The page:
When I took the Pepsi challenge I discovered one cola, Pepsi, tasted bigger and fresher than the others. By comparison, Coke seemed weak and thin. I needed to experience both of them right next to each other to really taste the difference. It was the same with Hostess Ho Hos and their leading competitor, Little Debbie Swiss Rolls. When comparing them at the same table, in the name of science, I discovered Ho Hos to be moist, rich, and aromatic. By comparison, the Swiss Rolls, tasted like waxy sawdust, only not as delicious. The point is, I drank Coke and ate Swiss Rolls for years without knowing they weren’t my first choice. It required a side-by-side, head-to-head smackdown to really learn how one compared to the other. It went on from there. I began testing other things next to each other and can now tell you exactly why I prefer Vietnamese cinnamon to Ceylon cinnamon, Columbian coffee over Ethiopian, and don’t even get me started on why I prefer the AMC Gremlin to the Dodge Aspen.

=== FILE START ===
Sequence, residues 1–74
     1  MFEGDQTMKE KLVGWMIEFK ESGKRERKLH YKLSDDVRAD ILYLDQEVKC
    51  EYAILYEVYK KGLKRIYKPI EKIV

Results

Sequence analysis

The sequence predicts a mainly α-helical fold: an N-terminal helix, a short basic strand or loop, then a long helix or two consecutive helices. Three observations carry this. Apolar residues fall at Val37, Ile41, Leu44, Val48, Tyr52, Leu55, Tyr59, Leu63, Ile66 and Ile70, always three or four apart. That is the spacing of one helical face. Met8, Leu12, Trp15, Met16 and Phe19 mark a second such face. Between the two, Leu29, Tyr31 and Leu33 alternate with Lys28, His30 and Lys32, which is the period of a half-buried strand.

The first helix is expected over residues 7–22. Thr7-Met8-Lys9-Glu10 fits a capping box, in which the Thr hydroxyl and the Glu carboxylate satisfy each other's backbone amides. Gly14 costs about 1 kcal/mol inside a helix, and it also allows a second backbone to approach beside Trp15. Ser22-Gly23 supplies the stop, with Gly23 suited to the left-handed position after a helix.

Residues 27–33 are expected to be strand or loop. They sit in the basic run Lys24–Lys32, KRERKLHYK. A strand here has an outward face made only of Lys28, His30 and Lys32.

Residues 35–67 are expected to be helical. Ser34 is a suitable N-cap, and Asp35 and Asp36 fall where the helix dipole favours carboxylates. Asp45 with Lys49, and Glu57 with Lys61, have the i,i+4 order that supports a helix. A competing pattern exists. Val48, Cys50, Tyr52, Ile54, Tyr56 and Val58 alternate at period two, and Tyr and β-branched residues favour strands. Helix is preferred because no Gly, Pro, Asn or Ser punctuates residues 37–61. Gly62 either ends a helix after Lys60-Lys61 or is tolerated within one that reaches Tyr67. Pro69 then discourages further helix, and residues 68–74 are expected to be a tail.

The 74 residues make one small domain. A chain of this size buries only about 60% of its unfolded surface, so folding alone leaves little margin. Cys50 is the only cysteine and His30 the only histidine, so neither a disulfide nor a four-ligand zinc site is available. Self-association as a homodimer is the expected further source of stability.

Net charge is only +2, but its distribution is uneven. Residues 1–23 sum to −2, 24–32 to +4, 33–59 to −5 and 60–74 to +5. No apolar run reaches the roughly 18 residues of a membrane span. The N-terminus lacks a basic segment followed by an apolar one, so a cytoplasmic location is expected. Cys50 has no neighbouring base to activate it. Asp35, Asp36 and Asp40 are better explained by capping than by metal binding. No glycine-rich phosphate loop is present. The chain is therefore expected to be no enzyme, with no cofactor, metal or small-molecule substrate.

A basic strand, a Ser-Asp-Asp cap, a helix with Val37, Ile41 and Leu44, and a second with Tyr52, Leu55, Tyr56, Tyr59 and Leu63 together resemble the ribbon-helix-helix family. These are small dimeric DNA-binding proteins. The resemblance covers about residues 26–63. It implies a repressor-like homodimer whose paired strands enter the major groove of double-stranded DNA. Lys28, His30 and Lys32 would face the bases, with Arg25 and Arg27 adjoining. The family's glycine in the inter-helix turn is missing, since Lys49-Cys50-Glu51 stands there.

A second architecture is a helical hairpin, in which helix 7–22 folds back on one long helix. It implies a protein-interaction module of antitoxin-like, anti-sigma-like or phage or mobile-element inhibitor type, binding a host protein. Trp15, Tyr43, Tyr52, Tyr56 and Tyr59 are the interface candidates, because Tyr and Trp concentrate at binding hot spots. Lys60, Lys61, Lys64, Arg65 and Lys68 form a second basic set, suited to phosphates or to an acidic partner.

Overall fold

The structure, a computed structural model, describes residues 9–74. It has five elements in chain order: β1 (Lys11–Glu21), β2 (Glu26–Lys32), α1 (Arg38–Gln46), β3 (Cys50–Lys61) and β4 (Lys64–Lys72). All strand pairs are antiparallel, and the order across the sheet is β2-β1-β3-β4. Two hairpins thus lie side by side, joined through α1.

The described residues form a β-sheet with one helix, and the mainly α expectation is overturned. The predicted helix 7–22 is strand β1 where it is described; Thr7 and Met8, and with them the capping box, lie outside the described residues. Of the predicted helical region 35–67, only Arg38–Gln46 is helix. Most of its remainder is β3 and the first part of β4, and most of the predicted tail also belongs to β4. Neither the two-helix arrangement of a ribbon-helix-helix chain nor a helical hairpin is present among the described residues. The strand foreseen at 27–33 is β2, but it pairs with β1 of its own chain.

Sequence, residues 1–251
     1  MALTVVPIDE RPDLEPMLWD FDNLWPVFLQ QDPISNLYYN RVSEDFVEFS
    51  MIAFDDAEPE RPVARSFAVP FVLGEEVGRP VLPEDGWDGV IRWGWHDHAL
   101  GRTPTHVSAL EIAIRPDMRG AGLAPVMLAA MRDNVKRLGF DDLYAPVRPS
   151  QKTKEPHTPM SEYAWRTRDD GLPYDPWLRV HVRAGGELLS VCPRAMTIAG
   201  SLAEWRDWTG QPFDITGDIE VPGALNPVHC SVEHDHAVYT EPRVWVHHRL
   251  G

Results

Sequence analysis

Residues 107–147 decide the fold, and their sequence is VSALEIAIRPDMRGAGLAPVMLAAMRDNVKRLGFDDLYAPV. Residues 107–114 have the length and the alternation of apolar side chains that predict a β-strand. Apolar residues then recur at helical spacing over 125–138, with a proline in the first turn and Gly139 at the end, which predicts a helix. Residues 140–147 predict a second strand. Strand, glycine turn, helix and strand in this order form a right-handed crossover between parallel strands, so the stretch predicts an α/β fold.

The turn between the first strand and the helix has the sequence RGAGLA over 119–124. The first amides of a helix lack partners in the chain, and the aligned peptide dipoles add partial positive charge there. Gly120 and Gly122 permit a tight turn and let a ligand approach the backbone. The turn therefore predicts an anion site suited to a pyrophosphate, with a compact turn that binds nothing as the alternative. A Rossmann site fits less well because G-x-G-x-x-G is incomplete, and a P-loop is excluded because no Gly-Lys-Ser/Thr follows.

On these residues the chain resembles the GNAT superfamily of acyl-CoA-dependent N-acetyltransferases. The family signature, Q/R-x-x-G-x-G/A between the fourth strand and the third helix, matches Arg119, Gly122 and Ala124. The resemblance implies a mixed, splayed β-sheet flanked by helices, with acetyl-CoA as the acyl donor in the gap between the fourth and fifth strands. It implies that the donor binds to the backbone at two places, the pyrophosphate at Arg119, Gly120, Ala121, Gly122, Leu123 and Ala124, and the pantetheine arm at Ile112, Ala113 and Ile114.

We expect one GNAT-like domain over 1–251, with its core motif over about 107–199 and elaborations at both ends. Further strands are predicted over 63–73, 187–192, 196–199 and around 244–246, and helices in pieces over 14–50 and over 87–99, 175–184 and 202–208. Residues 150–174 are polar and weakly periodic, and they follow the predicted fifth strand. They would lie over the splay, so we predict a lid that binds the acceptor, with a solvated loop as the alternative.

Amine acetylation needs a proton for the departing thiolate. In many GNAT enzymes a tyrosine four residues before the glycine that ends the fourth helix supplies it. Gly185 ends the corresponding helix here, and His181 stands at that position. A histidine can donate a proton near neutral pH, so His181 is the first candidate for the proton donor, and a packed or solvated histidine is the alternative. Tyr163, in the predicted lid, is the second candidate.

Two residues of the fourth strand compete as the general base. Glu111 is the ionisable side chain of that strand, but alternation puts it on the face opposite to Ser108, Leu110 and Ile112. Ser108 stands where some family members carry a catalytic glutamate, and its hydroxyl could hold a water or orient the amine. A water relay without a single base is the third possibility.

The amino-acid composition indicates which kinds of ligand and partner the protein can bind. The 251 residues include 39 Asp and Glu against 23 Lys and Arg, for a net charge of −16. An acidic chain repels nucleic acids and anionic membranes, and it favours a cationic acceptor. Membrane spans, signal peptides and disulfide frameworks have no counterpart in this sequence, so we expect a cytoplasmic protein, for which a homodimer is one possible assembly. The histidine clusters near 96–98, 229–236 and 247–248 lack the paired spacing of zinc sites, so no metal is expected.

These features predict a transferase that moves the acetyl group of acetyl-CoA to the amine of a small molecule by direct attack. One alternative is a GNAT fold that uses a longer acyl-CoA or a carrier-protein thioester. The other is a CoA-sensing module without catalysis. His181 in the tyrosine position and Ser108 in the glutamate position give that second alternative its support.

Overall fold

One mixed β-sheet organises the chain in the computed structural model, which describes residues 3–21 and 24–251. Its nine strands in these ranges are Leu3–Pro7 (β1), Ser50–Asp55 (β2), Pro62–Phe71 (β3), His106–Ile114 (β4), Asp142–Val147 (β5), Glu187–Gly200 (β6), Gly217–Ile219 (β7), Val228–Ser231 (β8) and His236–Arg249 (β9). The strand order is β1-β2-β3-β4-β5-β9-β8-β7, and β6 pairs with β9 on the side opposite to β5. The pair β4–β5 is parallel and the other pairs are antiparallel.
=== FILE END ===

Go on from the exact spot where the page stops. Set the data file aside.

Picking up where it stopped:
Tasting two wines next to each other in the same way is a great way to learn what you like in a wine and why. Pop the cork on two different bottles and pour a glass of each. Start with two different grape varietals. Notice the differences in their aromas. Do they feel different on your tongue? Do the flavors of one wine stay with you longer than the flavors of the other? Push the cork back in and try them again the following day. They’ll last for a day or two. Have they changed after breathing for a day? For a tighter competition, try two wines of the same grape varietal next to each other.